The Internal Revenue Service announced earlier this week that its private debt collection program is starting now. Beginning this week, the IRS will start sending letters to taxpayers whose overdue federal tax debts are being assigned to one of four private-sector collection agencies. At the same time, the IRS is warning taxpayers that they must be vigilant to guard against scammers posing as legitimate tax collectors.
The new private tax collector program, authorized under a federal law enacted by Congress in December 2015, enables these designated contractors to collect, on behalf of the IRS, unpaid tax debts. Usually, these are unpaid individual tax obligations that are not currently being worked by IRS collection employees and often were assessed several years ago.
According to the IRS, taxpayers whose tax debts are being assigned to private collectors would have had multiple contacts from the IRS in previous years and still have an unpaid tax bill. “The IRS is taking steps throughout this effort to ensure that the private collection firms work responsibly and respect taxpayer rights,” said IRS Commissioner John Koskinen. “The IRS also urges taxpayers to be on the lookout for scammers who might use this program as a cover to trick people. In reality, those taxpayers whose accounts are assigned as part of the private collection effort know they have a tax debt.”
The program will begin this month with a few hundred taxpayers receiving mailings and subsequent phone calls, with the program growing to thousands a week later in the spring and summer. Taxpayers with overdue taxes will always receive multiple contacts, letters and phone calls, first from the IRS, not private debt collectors.
The IRS will always notify a taxpayer before transferring their account to a private collection agency (PCA). First, the IRS will send a letter to the taxpayer and his/her tax representative (if any) informing them that their account is being assigned to a PCA and giving the name and contact information for the PCA. (See prior coverage here.) This mailing will include a copy of Publication 4518, entitled “What You Can Expect When the IRS Assigns Your Account to a Private Collection Agency.”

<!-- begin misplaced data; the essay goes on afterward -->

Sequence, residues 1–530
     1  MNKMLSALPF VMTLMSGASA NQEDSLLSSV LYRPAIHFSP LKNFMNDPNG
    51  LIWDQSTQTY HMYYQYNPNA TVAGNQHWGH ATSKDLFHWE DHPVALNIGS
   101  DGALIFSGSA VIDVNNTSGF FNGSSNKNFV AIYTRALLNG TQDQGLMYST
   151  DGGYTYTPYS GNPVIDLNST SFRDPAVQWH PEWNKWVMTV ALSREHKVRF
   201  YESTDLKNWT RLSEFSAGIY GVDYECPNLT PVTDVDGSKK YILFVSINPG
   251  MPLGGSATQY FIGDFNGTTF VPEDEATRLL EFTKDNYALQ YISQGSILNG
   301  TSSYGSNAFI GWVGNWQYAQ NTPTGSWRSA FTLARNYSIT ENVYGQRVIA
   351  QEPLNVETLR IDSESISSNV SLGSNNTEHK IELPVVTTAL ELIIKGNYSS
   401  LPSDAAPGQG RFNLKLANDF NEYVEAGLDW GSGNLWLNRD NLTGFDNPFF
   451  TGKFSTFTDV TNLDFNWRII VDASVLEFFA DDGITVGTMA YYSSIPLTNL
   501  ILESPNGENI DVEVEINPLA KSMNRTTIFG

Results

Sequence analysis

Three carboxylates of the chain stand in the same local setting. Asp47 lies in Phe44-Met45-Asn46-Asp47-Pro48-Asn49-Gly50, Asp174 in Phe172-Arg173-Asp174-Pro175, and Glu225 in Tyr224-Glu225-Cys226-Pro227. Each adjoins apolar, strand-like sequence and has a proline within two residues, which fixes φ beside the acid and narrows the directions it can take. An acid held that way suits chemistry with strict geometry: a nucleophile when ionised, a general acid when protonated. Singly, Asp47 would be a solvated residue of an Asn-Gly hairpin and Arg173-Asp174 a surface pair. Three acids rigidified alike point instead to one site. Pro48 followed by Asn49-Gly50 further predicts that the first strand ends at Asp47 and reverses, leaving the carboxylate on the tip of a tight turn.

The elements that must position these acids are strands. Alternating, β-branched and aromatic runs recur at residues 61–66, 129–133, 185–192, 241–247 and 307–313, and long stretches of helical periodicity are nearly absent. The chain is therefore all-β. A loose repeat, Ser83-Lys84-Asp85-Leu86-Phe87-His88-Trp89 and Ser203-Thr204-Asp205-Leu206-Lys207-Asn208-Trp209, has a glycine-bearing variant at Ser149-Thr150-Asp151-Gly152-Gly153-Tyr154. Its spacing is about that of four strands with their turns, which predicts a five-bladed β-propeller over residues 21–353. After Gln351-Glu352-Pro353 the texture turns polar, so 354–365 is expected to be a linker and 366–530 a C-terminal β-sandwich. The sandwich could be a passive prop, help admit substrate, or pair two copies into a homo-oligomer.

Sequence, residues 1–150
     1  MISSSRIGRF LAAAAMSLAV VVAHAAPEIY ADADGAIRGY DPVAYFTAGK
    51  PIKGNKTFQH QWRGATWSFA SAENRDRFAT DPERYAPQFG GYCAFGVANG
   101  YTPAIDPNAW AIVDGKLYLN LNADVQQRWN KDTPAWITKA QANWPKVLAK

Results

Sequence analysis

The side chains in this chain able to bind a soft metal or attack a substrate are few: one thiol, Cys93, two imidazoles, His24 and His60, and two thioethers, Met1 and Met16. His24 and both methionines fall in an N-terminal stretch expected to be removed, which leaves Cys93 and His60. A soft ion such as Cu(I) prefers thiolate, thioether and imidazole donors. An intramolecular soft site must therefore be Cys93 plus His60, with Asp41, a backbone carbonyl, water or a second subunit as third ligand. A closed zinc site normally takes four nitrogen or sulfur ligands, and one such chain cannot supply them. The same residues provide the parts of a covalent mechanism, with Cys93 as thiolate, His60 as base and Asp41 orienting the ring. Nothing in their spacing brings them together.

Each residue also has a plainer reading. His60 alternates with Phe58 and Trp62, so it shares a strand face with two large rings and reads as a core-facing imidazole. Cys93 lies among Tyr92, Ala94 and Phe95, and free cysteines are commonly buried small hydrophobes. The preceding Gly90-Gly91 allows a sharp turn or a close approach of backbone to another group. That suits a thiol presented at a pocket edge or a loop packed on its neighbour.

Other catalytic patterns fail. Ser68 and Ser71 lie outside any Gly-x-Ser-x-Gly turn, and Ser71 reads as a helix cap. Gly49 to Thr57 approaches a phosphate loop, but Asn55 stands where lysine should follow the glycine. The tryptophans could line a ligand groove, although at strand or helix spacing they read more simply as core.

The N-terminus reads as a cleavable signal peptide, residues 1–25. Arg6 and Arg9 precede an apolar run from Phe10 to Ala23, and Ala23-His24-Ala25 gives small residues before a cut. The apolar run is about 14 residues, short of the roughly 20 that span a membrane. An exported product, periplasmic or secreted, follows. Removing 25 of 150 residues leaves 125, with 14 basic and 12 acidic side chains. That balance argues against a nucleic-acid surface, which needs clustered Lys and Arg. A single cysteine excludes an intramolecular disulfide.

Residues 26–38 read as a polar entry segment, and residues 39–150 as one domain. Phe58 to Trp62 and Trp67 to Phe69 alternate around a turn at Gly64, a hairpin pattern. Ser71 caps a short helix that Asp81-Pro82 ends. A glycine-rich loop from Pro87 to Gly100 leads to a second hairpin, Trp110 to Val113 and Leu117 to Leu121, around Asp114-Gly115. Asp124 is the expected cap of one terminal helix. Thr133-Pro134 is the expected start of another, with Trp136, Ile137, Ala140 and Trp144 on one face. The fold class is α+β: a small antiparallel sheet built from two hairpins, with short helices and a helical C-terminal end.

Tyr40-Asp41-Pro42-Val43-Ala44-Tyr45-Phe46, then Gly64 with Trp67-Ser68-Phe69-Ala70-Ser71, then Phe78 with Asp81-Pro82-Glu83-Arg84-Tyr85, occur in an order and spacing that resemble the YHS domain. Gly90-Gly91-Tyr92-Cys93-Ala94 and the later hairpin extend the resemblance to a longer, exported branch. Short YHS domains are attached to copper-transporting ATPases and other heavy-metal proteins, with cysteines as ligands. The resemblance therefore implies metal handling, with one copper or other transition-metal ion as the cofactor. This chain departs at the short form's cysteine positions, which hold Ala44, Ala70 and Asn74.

There are four private firms that are participating in this collection program: CBE Group of Cedar Falls, Iowa; Conserve of Fairport, N.Y.; Performant of Livermore, Calif.; and Pioneer of Horseheads, N.Y. The taxpayer’s account will only be assigned to one of these agencies, and never to all four. No other private group is authorized to represent the IRS.
Once the IRS letter is sent, the designated private collection firm will send its own letter to the taxpayer and his/her representative (if any) confirming the account transfer. To protect the taxpayer’s privacy and security, both the IRS letter and the collection firm’s letter will contain information that will help taxpayers identify the tax amount owed and assure taxpayers that future collection agency calls they may receive are legitimate.
The private collectors will identify themselves as contractors of the IRS collecting taxes. Employees of these collection agencies will be required to follow the provisions of the Fair Debt Collection Practices Act, and like IRS employees, must be courteous and must respect taxpayer rights.
The private firms are authorized to discuss payment options, including setting up payment agreements with taxpayers. But as with cases assigned to IRS employees, any tax payment must be made, either electronically or by check, to the IRS. A payment should never be sent to the private firm or anyone besides the IRS or the U.S. Treasury. Checks should only be made payable to the “United States Treasury.”
Private firms are not authorized to take enforcement actions against taxpayers. Only IRS employees can take these actions, such as filing a notice of Federal Tax Lien or issuing a levy.
The IRS announcement also warned taxpayers to be on the lookout for scammers posing as private collection firms. “Here’s a simple rule to keep in mind. You won’t get a call from a private collection firm unless you have unpaid tax debts going back several years and you’ve already heard from the IRS multiple times,” Koskinen said. “The people included in the private collection program typically already know they have a tax issue. If you get a call from someone saying they’re from one of these groups and you’ve paid your taxes, that’s a sure sign of a scam.” If taxpayers are unsure if they have an unpaid tax debt from a previous year – which is what the private collection firms will handle – they can go to IRS.gov and check their account balance at www.irs.gov/balancedue.
Whether or not a taxpayer’s account is assigned to a private collection agency, the IRS warns taxpayers to beware of scammers pretending to be from the IRS or an IRS contractor. Here are some things the scammers often do but the IRS and its private contractors will never do.
- Call to demand immediate payment using a specific payment method such as a prepaid debit card, gift card or wire transfer. Generally, the IRS will first mail a bill to any taxpayer who owes taxes, and if a case is assigned to a PCA, both the IRS and the authorized collection agency will send the taxpayer a letter. Payment will always be to the United States Treasury.
- Threaten to immediately bring in local police or other law-enforcement groups to have the taxpayer arrested for not paying.
- Demand that taxes be paid without giving the taxpayer the opportunity to question or appeal the amount owed.
- Ask for credit or debit card numbers over the phone.
“Unexpected and threatening calls out of the blue from someone saying they’re representing the IRS to collect a tax debt is a warning sign people should watch out for,” Koskinen said.